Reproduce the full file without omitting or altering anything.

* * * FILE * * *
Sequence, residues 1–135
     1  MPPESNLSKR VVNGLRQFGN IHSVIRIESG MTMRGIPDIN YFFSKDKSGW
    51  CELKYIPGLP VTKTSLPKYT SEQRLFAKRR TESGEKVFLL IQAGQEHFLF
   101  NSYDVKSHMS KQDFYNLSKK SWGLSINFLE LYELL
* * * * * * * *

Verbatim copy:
Sequence, residues 1–135
     1  MPPESNLSKR VVNGLRQFGN IHSVIRIESG MTMRGIPDIN YFFSKDKSGW
    51  CELKYIPGLP VTKTSLPKYT SEQRLFAKRR TESGEKVFLL IQAGQEHFLF
   101  NSYDVKSHMS KQDFYNLSKK SWGLSINFLE LYELL